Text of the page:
An independent review into how the kiwifruit vine disease PSA came into New Zealand has found there were shortcomings with biosecurity systems, but it does not say that caused the entry.
The bacterium has infected 40% of the country's kiwifruit orchards and will cost the besieged industry $410 million over the next five years.
The review commissioned by the Ministry for Primary Industries identified four failures, including that import requirements for kiwifruit pollen were inadequate and processes used to develop them were deficient. It can not definitively say PSA that came into the country on pollen.
The report was issued on Wednesday and says no single person is responsible for PSA entering the country - rather, the biosecurity system as whole did not adequately respond to the risk the disease posed.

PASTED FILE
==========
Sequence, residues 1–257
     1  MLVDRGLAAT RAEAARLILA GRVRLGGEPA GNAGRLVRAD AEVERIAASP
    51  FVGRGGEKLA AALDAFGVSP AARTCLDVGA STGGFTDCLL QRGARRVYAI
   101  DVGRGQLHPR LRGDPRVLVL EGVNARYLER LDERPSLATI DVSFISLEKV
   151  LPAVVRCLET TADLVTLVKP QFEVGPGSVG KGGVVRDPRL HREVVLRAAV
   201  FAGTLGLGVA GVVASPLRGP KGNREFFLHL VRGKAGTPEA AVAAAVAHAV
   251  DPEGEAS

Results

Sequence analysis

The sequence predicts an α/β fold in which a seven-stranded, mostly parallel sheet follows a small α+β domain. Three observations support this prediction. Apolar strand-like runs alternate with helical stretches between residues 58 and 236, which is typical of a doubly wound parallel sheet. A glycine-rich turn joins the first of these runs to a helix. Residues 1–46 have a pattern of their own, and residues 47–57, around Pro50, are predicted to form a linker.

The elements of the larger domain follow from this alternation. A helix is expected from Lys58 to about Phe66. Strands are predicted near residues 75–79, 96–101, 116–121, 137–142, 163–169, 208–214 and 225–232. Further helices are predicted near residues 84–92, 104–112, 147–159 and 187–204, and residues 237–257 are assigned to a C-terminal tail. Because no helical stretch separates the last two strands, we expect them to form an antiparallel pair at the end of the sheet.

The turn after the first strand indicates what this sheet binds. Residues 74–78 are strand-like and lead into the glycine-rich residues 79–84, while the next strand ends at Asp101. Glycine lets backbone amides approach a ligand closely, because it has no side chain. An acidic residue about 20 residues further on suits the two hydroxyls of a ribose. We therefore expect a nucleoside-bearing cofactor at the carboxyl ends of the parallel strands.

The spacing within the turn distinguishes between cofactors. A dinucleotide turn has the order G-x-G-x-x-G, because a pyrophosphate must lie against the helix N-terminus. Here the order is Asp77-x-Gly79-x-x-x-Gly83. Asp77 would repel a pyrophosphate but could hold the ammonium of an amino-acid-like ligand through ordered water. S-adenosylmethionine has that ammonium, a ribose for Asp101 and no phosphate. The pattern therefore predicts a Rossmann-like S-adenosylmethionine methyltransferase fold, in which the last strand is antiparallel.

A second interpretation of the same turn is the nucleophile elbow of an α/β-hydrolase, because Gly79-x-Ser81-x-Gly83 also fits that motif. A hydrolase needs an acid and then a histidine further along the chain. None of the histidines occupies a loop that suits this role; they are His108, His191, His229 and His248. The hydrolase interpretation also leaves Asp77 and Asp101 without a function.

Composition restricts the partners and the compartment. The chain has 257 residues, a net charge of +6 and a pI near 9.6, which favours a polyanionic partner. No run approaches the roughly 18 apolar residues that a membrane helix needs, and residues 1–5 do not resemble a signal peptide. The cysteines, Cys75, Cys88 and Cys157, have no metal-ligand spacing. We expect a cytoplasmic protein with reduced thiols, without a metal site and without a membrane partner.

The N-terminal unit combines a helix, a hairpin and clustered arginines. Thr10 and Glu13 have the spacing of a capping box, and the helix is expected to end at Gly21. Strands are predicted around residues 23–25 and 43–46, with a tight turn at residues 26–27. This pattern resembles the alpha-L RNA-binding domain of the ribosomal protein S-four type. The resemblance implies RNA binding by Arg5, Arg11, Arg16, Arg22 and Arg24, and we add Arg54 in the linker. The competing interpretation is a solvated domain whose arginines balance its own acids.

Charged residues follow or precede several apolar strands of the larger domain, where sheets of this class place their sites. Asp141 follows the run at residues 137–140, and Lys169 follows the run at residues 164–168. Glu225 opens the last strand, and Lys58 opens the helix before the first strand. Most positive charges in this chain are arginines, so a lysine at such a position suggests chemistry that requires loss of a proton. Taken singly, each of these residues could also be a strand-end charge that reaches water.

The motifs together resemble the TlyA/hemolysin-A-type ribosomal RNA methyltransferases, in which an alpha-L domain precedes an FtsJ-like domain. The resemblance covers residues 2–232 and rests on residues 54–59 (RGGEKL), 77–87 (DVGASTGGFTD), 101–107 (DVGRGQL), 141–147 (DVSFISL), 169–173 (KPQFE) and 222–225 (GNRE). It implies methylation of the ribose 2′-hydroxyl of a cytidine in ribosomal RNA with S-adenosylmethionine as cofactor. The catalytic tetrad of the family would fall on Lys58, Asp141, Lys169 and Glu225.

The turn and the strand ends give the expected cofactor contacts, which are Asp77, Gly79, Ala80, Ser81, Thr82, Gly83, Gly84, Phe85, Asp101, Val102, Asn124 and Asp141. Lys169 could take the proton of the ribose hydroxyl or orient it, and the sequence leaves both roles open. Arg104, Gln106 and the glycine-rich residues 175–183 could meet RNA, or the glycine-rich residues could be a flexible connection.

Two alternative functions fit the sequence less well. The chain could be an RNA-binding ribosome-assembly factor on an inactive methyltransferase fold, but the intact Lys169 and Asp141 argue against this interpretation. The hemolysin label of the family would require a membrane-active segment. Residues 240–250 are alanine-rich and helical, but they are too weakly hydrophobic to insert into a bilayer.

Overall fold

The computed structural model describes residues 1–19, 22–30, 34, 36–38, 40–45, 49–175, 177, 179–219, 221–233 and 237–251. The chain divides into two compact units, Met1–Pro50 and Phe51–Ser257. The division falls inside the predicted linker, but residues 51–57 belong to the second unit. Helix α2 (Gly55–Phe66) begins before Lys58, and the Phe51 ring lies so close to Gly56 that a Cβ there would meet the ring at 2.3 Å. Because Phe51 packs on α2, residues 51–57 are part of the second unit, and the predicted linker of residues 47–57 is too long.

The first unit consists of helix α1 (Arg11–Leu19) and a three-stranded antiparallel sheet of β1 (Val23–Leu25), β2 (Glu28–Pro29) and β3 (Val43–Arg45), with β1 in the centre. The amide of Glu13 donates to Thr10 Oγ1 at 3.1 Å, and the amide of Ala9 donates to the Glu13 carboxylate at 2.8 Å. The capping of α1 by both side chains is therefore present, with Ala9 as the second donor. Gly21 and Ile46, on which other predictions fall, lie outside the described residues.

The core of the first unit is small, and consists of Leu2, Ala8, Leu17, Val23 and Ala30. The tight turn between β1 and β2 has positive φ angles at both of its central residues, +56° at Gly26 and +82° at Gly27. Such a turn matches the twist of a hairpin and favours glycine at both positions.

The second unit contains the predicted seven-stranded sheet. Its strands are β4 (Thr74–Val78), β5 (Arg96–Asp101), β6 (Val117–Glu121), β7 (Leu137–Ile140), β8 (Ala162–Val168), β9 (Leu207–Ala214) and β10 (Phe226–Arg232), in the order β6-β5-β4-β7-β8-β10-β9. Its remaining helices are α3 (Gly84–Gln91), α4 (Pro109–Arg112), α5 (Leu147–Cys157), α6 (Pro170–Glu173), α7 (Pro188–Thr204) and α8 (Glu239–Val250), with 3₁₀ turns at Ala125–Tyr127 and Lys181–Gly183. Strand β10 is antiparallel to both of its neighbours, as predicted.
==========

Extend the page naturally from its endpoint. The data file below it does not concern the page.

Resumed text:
The ministry's director general, Wayne McNee, says there may never be answer as to its origins.
"It's possible that it could have come on pollen, it could have come on individuals travelling back and forward, it could have been horticultural equipment, or it could have been smuggled in in plant material. We don't know the answer to that and we may never do so."
Mr McNee says the ministry is considering whether it re-prioritises its resources to manage risks to profitable industries.
The report makes six recommendations, including the Ministry for Primary Industries reprioritising its resources to manage risks facing economically significant industries.
Primary Industries Minister David Carter says the ministry is taking immediate steps to implement the recommendations included in the report.
Mr Carter says he will be monitoring the work closely and expects a progress report within three months.
Meanwhile, the president of the industry group New Zealand Kiwifruit Growers Neil Trebilco says it's considering legal action over the PSA outbreak.